A random chapter

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I've been engaged mostly in NaNoWriMo writing, along with some attendant procrastination and husbanding of migraines, and have not had a lot of energy to observe the world around me for retelling here. So I will share with you the world inside that pours out onto the virtual pages of my word processor.

Below you'll find words 7367 through 8259 of the 17,014 I have written so far. (I am woefully behind--will I make 50,000 by the end of the month? I do not know.) Please recall as you read that this is not written for quality but for quantity. I will go back and qualify it after November 30th.

Ginza: shopping for shoes

Kimberly looked around, amazed at the crowds on the sidewalks. Five o’clock on a Friday afternoon and there was barely enough room to walk. So many men in suits. Women dressed to the nines in skirt suits and dresses with jackets. Half the women wore hats. And Kimberly hadn’t seen this many women in high heels in a long time. Hardly anyone wore flat shoes with skirts and definitely no sneakers. She was glad she’d packed her ankle books in her carry on. This was not a place for Pumas.

They passed a subway entrance and a big display of candy on a table. Kimberly paused to have a look. Little cardboard signs gave the prices. 100 yen for an oversized plastic syringe filled with goopy blue candy; candy necklaces for 250 yen; bags of pastel candies that looked like miniature mines for 300 yen. Tiny trays of candy sushi for 550 yen.

Keiko smiled. “We go more further. A little bit.”

A little bit turned out to be quite a long walk for Kimberly. They passed dozens of shops that she longed to duck into just for a minute: Sony, Hermes, Coach, and several big department stores with intriguing window displays. They turned the corner opposite Mitsukoshi and Wako.

“Just there,” Keiko said, indicating a big building down the block.

“Washington. It’s in English!” Kimberly said, delighted. This was going to be easier than she thought.

They walked through the glass doors into a wonderland of shoes. “Oh! How cute!” Kimberly exclaimed, rushing over to a pair of powder blue pumps with a silver flower buckle. “These are perfect for an outfit I have at home.”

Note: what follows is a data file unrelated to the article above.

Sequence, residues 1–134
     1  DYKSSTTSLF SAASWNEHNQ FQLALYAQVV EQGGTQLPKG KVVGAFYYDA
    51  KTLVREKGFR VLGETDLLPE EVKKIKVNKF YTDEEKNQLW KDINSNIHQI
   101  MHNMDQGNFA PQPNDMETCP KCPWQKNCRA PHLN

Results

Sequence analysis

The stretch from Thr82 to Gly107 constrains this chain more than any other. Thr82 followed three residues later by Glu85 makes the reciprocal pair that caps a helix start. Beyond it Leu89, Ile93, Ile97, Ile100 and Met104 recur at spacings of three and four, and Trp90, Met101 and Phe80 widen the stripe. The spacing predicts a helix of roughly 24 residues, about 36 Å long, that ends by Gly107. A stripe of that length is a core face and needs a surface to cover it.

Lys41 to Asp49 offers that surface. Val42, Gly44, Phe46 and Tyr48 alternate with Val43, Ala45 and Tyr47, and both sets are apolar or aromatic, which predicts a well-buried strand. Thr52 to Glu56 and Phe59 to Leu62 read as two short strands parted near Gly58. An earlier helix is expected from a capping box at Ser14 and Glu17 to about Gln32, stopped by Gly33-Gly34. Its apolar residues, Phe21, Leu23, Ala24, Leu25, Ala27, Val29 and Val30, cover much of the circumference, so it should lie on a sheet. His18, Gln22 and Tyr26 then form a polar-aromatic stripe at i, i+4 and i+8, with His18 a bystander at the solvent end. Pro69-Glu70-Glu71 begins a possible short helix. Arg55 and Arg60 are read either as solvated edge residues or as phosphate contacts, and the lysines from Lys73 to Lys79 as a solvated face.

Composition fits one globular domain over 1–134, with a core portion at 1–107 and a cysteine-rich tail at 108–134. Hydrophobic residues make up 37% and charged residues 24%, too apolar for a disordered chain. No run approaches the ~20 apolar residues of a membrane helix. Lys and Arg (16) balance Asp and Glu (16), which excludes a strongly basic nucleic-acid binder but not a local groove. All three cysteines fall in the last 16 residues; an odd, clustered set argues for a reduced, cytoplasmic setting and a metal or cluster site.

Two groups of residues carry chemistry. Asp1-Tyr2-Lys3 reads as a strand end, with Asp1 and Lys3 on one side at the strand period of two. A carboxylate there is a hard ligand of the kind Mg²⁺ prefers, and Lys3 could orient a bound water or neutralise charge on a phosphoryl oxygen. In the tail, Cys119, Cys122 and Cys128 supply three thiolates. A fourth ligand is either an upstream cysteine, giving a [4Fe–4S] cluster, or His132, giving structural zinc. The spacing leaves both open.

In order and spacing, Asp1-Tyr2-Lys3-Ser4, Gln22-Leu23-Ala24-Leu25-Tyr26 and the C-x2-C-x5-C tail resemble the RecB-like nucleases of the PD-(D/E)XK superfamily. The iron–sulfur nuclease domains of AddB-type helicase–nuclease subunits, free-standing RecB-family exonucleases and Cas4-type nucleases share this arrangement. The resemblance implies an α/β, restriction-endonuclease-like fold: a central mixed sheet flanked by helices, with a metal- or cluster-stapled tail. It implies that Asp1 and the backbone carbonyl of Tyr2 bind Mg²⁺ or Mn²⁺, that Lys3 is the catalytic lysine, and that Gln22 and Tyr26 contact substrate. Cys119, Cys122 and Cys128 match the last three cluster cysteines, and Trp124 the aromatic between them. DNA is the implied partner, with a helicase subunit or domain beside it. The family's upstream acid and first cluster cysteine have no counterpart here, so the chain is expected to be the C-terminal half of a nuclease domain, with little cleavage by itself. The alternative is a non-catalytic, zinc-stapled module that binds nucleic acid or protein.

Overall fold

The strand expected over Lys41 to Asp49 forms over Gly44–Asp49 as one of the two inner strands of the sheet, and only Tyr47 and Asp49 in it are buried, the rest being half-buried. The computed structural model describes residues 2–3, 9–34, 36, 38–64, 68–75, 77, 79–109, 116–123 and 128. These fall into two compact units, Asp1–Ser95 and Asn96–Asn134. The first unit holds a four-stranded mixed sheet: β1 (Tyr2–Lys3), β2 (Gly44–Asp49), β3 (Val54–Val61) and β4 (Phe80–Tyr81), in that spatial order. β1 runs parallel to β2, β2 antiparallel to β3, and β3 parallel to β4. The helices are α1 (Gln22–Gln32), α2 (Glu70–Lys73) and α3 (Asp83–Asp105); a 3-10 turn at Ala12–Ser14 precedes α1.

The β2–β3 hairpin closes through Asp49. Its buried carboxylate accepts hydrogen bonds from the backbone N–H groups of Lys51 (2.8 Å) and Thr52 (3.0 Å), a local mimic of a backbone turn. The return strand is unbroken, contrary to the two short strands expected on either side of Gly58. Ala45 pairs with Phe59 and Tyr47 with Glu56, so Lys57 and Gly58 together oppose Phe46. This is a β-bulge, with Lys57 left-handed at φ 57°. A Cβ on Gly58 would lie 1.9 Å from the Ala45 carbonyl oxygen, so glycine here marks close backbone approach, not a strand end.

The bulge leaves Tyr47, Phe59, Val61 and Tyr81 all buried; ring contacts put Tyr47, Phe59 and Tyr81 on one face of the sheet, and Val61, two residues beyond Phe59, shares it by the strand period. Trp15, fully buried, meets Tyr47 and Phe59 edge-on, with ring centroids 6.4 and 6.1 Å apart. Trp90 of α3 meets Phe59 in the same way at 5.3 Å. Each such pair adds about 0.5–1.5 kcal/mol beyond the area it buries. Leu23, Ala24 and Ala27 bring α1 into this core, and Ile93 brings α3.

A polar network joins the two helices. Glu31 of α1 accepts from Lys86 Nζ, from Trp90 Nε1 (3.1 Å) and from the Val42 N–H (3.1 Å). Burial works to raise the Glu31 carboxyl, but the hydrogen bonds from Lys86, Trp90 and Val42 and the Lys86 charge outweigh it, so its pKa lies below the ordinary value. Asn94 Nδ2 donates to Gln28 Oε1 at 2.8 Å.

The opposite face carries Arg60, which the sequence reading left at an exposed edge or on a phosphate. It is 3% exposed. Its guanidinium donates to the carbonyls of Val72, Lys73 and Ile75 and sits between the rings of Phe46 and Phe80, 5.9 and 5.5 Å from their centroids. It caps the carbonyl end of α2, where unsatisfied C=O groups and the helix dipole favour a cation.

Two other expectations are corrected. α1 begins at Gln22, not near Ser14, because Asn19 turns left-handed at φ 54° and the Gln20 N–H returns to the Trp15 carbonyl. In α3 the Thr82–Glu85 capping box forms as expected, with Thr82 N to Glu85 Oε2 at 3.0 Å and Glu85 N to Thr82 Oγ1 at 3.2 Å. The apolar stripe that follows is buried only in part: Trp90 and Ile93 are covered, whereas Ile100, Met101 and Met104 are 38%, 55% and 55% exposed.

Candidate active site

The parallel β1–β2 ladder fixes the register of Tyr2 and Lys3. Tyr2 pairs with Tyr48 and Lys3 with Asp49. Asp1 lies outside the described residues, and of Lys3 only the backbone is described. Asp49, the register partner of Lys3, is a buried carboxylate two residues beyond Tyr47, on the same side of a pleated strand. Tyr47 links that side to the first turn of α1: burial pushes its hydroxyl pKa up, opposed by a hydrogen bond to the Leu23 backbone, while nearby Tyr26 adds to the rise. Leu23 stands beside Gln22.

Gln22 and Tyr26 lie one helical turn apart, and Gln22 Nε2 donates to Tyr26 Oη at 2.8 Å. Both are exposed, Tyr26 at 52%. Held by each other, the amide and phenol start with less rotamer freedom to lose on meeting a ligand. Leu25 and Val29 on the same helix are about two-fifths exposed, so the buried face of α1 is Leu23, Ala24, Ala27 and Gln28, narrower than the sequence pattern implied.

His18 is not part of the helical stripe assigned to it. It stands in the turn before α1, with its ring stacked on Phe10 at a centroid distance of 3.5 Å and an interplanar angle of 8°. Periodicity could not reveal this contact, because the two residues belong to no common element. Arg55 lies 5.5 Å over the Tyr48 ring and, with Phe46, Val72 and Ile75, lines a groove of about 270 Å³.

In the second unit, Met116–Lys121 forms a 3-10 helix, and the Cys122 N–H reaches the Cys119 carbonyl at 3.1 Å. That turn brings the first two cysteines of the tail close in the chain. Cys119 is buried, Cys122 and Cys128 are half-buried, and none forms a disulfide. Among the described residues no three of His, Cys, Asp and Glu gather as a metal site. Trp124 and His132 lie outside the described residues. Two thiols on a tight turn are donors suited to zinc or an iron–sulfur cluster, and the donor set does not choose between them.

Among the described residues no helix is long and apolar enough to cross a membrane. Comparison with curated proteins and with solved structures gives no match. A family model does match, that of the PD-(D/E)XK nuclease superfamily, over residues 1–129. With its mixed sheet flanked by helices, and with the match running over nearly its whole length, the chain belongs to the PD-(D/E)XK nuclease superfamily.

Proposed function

Keiko picked up one of the shoes and examined it. “Buy it?” she queried.

“No, I need just one pair for tomorrow. My outfit is emerald green and turquoise with gold embroidery. These don’t match.”

“What size?”

“I’m an eight and a half in heels.”

Keiko looked confused. That was an American size. What did it convert to? She was famliar with the European shoes sizes since they imported them. But American sizes always confused her.

“Please wait.” She looked around to find a saleslady. One was already hovering nearby, so it wasn’t difficult.

“Excuse me, my friend is looking for a shoe for a wedding party. Her size is 8 1/2 American. Do you know what that is in our sizes?”

The saleslady pulled a chart from her vest pocket. “That’s a 26, ma’am. Our large size ladies shoes are on the 5th floor. Please go upstairs to see a range of lovely shoes for bigger feet.”

Keiko turned around to tell Kimberly, but she had wandered off to the other side of the shop and was looking at a pair of kitten heel mules. She held two other shoes in her hand-- gold sling backs and rhinestone trimmed turquoise blue pumps.

“Which do you think is better?” she asked, setting aside the mules and holding out the other shoes.

“Go upstairs for L size.” Keiko struggled a bit for the words to explain the situation. “Here only small shoes.”

“Oh, OK,” Kimberly agreed cheerfully, though she found it a little strange that the shop arranged shoes by size. But she had shopped sale racks where the shoes were divided by size, so maybe that’s how it worked in Japan. “What floor?”

Keiko indicated to the escalator. “Five floor.”

“Wow, that’s a lot of shoes,” Kimberly thought. “How big is this place, anyway?”

But as they rode the escalator to the fifth floor, she realized her mistake. They alighted to in front of a display of moderate black pumps and sling backs. Perfect for business, but not suitable for a party. Turning the corner to the main sales floor, Kimberly saw row after row of sensible shoes in black and brown leather: low heels, boots, walking shoes, loafers, and clogs. On the back wall stood a series of shiny white shoes for dying. Where were the cute styles she’d seen downstairs?

“Oh! Where are the dress shoes?” she wondered in dismay. She walked off to look at the bridal shoes. Maybe she could get something dyed quickly.

Keiko spied some high heels in the corner. They weren’t as glamorous as the ones downstairs, but they might be acceptable. “Kimu, elegance shoes here,” she called.

Kiimberly examined the offerings. Of the two dozen shoes in the Elegance collection, only one pair looked like it might work. It was a dull metallic gold slingback with a contrasting shiny gold section and a dangly opalescent sequin flower. Everything else was too plain or the wrong color.

“Let me try these on,” she indicated to the salesman who stood nearby. “Size eight and a half.”

“Size 26, please.” Keiko told him.

He returned a few minutes later with a box and fitted Kimberly for her new shoes.

“These will do, though I would rather have something a little smarter. If my lost shoes arrive tomorrow morning, I think I’ll wear the emerald pumps instead.”

“She’ll take them,” Keiko said.

“How much are then, anyway?” Kimberly thought to ask.

“Twenty-six thousand, eight hundred yen,” Keiko answered.

“I’ll put them on my credit card,” Kimberly said, blanching at the price of a pair of shoes she didn’t like all that much and hoped never to wear.

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